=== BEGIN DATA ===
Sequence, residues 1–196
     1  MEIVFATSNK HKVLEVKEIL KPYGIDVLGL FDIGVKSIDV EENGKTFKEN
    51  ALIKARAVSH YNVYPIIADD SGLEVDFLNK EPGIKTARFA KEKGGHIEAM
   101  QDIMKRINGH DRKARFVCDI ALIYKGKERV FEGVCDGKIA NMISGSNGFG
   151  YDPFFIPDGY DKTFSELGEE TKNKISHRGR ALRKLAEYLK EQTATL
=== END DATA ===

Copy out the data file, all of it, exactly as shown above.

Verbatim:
Sequence, residues 1–196
     1  MEIVFATSNK HKVLEVKEIL KPYGIDVLGL FDIGVKSIDV EENGKTFKEN
    51  ALIKARAVSH YNVYPIIADD SGLEVDFLNK EPGIKTARFA KEKGGHIEAM
   101  QDIMKRINGH DRKARFVCDI ALIYKGKERV FEGVCDGKIA NMISGSNGFG
   151  YDPFFIPDGY DKTFSELGEE TKNKISHRGR ALRKLAEYLK EQTATL